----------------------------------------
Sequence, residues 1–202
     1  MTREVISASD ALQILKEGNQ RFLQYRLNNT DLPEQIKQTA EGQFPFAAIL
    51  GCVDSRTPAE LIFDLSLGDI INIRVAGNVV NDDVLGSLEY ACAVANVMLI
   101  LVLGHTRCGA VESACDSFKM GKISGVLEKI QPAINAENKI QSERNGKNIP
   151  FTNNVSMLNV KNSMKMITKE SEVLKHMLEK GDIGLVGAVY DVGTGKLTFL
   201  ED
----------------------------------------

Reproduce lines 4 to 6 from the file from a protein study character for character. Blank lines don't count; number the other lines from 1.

   101  LVLGHTRCGA VESACDSFKM GKISGVLEKI QPAINAENKI QSERNGKNIP
   151  FTNNVSMLNV KNSMKMITKE SEVLKHMLEK GDIGLVGAVY DVGTGKLTFL
   201  ED